Future Moves: Marisa Bate, Journalist + Author

Future Moves – 9th May 2024

Can you tell meaningful stories and still go viral? 

How do you maintain hope amidst a negative news cycle? 

How can brands make a difference to women's lives?

These are a few of the questions we wanted to ask our friend and award-winning writer and journalist Marisa Bate. We stumbled across Marisa’s writing back when we started Mac+Moore in 2016 when the world was waking up to a fourth wave of women’s rights and it was “cool” to promote female empowerment. 8 years on the feminist movement feels different in a context that feels endlessly chaotic and lacking attention. Marisa tells us how brands can talk meaningfully to women now and how to use the internet to your advantage.

Jess: Welcome to Future Moves! Tell our readers who you are and what you do

Marisa: I tell the world I am a writer, journalist and author with a focus on women's rights and women's stories. I started out in women's magazines, went freelance about five years ago writing across national newspapers and magazines and published a book last year.

Jess: What was it that drew you to that subject and what makes you want to continue forging a path where women's rights and voices can be heard?

Marisa: It wasn't an obvious career choice. I wanted to write about fashion when I graduated. I remember it was quite early on in my career when I was on a stage at Portcullis House with Laura Bates, and Stella Creasy said to me, why are you a feminist? Nobody had ever asked me that before and I didn't have an answer. I just said it was because of my mum. But that was the truest thing I could have said. So I kind of came to my writing through personal experience, and that passion, but not only that, I was making my way to writing when the fourth wave of feminism was bubbling up online and spilling over into popular mainstream culture. And that was a similar time to when I was beginning to have a platform to write. I was at a website called The Pool which really rode that wave hard and every day I got to knock out 800 angry words about something that the Daily Mail had written, and then do it all again in the afternoon.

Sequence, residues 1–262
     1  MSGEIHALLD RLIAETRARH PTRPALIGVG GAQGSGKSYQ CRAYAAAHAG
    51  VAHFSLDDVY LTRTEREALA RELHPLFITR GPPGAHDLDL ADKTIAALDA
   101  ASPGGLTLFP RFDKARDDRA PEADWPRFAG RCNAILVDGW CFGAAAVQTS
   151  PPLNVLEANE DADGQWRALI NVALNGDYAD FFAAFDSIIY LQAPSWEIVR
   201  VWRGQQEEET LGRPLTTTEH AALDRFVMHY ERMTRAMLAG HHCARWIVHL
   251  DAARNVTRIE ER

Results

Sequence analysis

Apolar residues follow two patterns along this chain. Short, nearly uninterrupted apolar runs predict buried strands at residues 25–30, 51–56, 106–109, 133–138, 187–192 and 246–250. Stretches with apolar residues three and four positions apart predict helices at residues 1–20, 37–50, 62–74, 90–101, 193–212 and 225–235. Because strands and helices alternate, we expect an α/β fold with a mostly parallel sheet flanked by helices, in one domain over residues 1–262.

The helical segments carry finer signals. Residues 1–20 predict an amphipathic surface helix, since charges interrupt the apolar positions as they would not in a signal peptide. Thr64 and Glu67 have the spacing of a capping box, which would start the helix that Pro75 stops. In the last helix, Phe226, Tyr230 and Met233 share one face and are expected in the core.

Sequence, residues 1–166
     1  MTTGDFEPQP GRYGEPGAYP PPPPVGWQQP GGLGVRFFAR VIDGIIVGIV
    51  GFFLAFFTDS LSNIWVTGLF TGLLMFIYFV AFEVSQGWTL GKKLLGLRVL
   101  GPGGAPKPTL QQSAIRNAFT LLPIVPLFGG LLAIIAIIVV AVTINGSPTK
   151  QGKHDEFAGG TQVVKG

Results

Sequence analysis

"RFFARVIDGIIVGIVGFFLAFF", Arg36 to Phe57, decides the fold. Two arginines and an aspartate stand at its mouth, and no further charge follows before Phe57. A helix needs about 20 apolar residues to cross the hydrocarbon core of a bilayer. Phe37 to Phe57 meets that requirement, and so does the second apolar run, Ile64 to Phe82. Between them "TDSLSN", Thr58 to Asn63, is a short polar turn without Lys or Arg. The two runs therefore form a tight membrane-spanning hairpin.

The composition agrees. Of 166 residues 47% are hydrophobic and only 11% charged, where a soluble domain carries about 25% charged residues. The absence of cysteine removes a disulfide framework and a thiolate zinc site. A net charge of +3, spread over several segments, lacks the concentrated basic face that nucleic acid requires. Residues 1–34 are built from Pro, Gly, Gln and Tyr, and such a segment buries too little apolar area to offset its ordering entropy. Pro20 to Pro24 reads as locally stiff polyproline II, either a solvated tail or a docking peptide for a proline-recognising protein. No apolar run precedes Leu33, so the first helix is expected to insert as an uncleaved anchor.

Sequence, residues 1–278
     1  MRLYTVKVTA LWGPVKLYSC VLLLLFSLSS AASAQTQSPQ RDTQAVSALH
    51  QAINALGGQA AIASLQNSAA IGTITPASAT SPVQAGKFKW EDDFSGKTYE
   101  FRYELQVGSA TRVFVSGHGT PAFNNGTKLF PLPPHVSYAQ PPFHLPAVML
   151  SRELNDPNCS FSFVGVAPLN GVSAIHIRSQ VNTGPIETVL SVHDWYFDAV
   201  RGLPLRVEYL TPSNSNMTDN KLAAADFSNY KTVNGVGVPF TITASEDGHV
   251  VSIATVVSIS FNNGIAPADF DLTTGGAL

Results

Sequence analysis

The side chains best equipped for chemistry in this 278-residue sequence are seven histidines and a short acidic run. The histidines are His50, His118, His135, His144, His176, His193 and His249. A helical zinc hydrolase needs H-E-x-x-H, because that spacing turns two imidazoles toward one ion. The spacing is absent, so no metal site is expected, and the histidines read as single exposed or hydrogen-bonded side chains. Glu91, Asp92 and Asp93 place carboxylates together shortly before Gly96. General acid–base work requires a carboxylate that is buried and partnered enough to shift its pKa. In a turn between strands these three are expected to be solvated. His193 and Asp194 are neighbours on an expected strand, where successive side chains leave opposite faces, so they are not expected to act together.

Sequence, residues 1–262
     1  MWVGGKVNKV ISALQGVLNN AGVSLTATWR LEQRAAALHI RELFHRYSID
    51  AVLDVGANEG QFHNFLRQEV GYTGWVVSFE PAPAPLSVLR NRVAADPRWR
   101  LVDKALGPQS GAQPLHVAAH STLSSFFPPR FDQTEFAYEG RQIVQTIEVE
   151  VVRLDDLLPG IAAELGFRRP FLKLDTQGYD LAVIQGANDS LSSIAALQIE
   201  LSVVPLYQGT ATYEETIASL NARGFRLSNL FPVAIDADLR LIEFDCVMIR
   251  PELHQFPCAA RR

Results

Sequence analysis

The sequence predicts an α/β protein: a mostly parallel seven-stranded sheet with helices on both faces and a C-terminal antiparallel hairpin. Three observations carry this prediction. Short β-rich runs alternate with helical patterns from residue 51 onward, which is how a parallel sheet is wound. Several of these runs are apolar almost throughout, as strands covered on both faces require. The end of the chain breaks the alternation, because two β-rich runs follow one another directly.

Jess: The Pool is where Nat and I discovered your writing back in 2016. What was it like to work there?

Marisa: The Pool was very much dictated by traffic. And so that had a big impact on how we wrote and what we wrote. It was quite an education, in terms of writing and thinking. There was an appetite supported by how much the internet loves rage. So the angrier I can make my pieces, the better they do, which is not necessarily always the right thing. I look back now and cringe at some pieces but it gave me a chance to really figure out what was important to me. I met so many different types of women, from MPs to people in creative industries to sportswomen. I think by the time I went freelance I had a much clearer idea of exactly what it was I wanted to be doing, which was sort of more reporting on things around, for example, domestic abuse. 

Jess: Do you think you can write meaningfully and still go viral? 

Marisa: You can. But you can't do it all the time. I think good writing and good thinking doesn't come from sitting behind a screen. But journalists and writers are being asked to sit behind a screen for 10 hours a day and knock out three to five stories. The expectation to be able to create work extremely quickly and cheaply is a problem. That has implications for readers as well. What do you pay for? What are you prepared to pay for? How quickly do you want something? We've got this attention span of minus four seconds, would you wait two days to read something about something that happened two days ago now or do we want it to be able to read on our phone that evening on the way home? 

Jess: The Pool must have put you front and centre with big brands. What's your perception of brand-building from a journalist/writer's perspective? Is it something you're consciously thinking about/aware of?

Marisa: I think it's a really interesting question because that was something we did a lot at The Pool. And especially around that fourth wave feminist movement, around 2012 Everyday Sexism had started, Girls the HBO show started, there was this feeling of a movement and brands were really jumping on that. I remember writing about ad after ad coming out, and at the time, the ones that really stood out were Under Armour and Nike, who were showing an alternative image of women’s strength and capabilities than what we were used to. Since then, I've shifted my understanding of how I would look at a brand and for me now it's far more important what the brands are actually doing. What I have been impressed by is when I read about brand policies, so companies like AXA or Vodafone that have domestic abuse leave, or companies that are helping pay for IVF. Brands who are walking the walk as opposed to talking the talk. When I was younger it was enough to see a very cool image of a woman that was defying how we typically see women on TV and perhaps now that I'm a bit older I’m a bit more cynical. What I look for in brands is the company culture and how they treat their staff. It's very hard to know which brands are really behaving as they should but if you look at Pregnant Then Screwed and you look at their work with women who are going to tribunals against employers, that'll give you quite an interesting list of the employers who are fucking over pregnant women or new mothers, and they are big brands.